This concept pertains to so many other situations in life as well. Hard things come. Hurt comes. Oftentimes when someone is hurting, we want them to feel better as soon as possible. We shush them with words, promising things will be better soon, it’s not all that bad. But feeling pain allows us to be quiet, to empathize, not just sympathize. We don’t want to suffer, but suffering makes us better able to love those who are hurting. I hope I can use this lesson from skinned knees and apply it to other areas of my life. How can I use the hurts in my past to help me love those who are hurting now?

In that same talk that gave me the kick in the back I needed to start blogging, Don Miller said this about heroes: In our favorite stories, the hero and the villain usually both have a painful backstory. But what makes the difference is how they handle their pain. The villain chooses to be a victim of it. But, the hero redeems her pain.

So today I’m celebrating my skinned knee. Long may it remind me to love others, even amidst their pain.

Have you seen this to be true? Can pain be redeemed? I’d love to hear your voice in the comments.


Permission Granted


Confession: I’ve had writer’s block for 26 years.

That’s an exaggeration. Between the ages of 0 and 6, I could not write. I do not remember writing until the fall of 1997, when I was in 1st grade.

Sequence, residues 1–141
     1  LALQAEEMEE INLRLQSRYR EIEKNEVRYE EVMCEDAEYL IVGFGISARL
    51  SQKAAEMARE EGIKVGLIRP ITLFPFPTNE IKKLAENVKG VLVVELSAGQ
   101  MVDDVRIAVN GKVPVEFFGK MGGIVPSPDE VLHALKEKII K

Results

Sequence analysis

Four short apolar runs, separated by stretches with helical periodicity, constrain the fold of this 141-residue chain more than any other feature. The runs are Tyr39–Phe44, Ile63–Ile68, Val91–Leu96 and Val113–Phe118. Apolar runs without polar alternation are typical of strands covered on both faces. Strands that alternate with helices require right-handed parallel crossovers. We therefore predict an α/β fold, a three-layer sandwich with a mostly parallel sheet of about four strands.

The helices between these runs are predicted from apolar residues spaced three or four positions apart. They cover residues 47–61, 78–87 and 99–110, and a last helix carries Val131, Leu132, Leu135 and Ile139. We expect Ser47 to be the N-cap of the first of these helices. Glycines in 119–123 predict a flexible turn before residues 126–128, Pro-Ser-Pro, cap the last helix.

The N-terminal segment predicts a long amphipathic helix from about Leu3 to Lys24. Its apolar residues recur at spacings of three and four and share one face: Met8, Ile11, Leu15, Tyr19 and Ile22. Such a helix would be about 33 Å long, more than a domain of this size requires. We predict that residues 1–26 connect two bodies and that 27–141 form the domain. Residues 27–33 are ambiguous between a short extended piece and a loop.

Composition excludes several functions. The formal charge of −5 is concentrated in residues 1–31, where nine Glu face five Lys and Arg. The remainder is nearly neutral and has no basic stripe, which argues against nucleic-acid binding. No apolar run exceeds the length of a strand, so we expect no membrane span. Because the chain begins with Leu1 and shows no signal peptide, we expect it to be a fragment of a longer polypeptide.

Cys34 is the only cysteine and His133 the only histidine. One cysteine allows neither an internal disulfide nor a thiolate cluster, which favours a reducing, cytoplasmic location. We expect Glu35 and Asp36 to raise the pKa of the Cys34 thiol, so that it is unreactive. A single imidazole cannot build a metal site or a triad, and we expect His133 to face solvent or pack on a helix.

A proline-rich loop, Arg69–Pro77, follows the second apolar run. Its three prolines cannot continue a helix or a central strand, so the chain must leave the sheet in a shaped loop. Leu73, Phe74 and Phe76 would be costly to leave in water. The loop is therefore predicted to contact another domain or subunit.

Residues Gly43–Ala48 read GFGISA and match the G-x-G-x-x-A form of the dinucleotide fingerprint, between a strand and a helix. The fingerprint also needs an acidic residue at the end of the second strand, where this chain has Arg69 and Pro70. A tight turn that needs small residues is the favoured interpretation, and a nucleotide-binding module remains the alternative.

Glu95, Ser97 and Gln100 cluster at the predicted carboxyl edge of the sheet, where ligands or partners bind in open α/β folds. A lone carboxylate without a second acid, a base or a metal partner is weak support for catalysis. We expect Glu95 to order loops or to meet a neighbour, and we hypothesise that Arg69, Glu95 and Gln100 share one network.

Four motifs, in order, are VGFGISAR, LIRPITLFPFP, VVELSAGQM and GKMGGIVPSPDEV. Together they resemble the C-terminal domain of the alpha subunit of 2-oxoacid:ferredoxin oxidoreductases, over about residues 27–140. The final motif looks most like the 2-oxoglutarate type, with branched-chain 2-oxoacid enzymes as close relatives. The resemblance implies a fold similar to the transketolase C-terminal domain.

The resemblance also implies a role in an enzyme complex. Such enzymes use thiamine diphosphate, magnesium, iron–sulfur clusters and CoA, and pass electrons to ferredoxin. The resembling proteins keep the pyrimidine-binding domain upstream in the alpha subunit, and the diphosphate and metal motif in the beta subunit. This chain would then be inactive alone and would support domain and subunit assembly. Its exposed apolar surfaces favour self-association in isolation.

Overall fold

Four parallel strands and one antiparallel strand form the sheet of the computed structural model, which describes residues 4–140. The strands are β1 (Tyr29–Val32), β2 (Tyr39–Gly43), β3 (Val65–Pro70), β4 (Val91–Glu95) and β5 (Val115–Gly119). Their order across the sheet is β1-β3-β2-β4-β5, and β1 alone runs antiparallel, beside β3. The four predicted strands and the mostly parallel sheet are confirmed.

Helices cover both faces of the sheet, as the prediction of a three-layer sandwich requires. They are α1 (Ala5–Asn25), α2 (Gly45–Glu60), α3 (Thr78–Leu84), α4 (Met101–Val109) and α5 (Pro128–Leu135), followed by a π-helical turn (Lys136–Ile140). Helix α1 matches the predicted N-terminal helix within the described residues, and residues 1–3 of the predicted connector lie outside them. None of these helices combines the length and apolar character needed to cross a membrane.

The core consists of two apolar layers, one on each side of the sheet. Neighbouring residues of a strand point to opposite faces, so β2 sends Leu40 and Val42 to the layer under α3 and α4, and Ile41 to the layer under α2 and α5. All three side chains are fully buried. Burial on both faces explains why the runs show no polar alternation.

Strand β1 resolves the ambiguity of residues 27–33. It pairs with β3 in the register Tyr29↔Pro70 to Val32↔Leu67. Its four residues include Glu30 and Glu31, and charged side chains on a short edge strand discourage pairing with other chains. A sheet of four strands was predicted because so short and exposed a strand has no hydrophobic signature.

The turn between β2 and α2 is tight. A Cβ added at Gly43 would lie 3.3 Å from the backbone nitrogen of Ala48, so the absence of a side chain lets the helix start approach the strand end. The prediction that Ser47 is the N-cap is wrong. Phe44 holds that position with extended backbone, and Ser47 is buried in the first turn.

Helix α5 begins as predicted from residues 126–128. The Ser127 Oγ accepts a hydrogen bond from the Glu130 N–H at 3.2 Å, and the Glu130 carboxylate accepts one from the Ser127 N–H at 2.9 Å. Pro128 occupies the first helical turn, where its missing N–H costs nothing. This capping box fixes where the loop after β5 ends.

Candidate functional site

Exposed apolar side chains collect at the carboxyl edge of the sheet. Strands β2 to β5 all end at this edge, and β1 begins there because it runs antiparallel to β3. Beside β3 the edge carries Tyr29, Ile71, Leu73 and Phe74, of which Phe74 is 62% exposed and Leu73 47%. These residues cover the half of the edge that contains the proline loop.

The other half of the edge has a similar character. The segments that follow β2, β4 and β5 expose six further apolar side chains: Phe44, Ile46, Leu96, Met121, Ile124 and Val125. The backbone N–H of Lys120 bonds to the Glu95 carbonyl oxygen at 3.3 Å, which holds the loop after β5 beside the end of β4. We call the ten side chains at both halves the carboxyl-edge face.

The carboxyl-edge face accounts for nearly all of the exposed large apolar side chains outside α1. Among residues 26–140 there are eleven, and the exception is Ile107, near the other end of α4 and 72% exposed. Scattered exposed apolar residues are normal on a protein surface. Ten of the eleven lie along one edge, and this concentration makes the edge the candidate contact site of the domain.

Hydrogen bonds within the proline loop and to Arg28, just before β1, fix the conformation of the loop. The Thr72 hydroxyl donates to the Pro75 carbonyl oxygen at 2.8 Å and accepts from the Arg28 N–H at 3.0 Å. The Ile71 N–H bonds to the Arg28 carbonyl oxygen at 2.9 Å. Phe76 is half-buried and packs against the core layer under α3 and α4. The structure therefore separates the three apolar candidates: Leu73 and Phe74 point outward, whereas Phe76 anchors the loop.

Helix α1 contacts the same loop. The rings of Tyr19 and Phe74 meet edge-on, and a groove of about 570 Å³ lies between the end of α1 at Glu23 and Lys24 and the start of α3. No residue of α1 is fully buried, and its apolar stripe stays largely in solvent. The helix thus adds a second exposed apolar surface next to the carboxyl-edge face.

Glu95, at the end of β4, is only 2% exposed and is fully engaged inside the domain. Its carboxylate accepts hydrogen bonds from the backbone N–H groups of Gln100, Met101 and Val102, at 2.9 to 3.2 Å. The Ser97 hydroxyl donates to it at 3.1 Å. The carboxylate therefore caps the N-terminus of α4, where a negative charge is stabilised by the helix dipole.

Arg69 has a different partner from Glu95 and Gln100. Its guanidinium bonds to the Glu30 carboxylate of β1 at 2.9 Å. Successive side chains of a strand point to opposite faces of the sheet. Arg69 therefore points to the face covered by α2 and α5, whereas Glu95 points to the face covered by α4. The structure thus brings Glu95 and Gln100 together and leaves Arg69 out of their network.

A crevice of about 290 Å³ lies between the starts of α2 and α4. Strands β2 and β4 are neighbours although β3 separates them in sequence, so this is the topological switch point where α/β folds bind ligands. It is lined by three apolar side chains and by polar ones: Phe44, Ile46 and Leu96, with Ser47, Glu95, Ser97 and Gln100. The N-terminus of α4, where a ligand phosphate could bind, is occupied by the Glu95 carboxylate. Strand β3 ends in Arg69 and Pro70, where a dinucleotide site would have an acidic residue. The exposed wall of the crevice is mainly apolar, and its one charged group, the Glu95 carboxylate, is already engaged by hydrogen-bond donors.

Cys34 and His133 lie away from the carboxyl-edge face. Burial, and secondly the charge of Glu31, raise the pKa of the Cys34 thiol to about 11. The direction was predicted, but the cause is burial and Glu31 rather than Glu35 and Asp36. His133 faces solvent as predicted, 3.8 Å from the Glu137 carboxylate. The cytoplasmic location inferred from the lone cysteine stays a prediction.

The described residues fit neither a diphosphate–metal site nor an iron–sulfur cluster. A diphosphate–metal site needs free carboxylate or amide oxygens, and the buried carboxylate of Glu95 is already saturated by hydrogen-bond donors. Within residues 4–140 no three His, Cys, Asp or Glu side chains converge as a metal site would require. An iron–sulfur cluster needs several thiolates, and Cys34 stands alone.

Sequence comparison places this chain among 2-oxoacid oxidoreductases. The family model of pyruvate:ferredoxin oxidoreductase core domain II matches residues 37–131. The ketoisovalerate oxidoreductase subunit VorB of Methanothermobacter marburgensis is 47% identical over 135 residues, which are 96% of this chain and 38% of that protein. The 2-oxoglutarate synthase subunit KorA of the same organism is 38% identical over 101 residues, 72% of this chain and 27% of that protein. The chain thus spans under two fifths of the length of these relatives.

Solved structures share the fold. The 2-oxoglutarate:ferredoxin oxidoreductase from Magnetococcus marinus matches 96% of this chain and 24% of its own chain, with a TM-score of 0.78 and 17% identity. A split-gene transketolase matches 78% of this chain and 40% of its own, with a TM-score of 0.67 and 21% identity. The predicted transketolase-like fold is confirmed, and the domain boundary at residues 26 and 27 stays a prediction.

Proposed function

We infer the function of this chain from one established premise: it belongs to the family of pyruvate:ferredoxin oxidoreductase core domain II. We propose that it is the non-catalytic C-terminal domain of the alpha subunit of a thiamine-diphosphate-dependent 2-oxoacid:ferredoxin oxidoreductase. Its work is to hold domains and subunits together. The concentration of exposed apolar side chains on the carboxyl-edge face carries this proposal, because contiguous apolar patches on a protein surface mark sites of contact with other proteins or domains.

So let me correct myself: I’ve had writer’s block for 20 years.

Sure, I’ve produced some pretty good essays and articles for school assignments in those times. I’ve written a few poems, a few blog entries, and even one “novel” during the rat race of NaNoWriMo. But I can count on my fingers and toes the amount of compositions I’ve come up with that I am proud of. Most of that pride came because someone else told me, “Sarah, this is great.” There was an 8th grade poetry project. An essay on media ethics I had to read to a class of scary, confident journalism majors. And an essay on nature and death that made my dramatic and wonderful professor clutch his heart when he referenced it later.

I’ve been waiting for someone to give me approval.

I’m a reader. The last couple of years were busy as I met and married the irrepressible B and began my teaching career. Books fell by the wayside, but I’m two weeks and four books into summer, and loving it. I think being a reader has made being a writer hard for me. There are already so many good words in the world, why add my redundant and possible muddled prose to the mix?

But as I read, I feel called. I know what I want to write. Or at least have a general idea. I cannot guarantee that the world needs my voice, but I know one thing: I need my words to come out. I was created for a purpose, and words seem to be wrapped up in my bones and make my head and heart spin. And I know they need to get out.

About a week ago, Donald Miller (author of the recent and highly recommended Scary Close) came to my hometown, something I never would have expected. I love his books, and they always seem to come along at the right time. I went to hear him speak, and the whole experience was wonderful on many levels. During his talk on “Common Characteristics of Heroes,” he said something that hit me between the eyes.

“We live in a consumer culture,” he said. “But we are not called to be consumers. We are co-creators. We have a God-given agency to change the world.”

I’ve been waiting for someone to give me permission.

Little did I think, when I was created with this love for words, that was all the permission I needed. I am co-creator. So here I go.

Permission granted.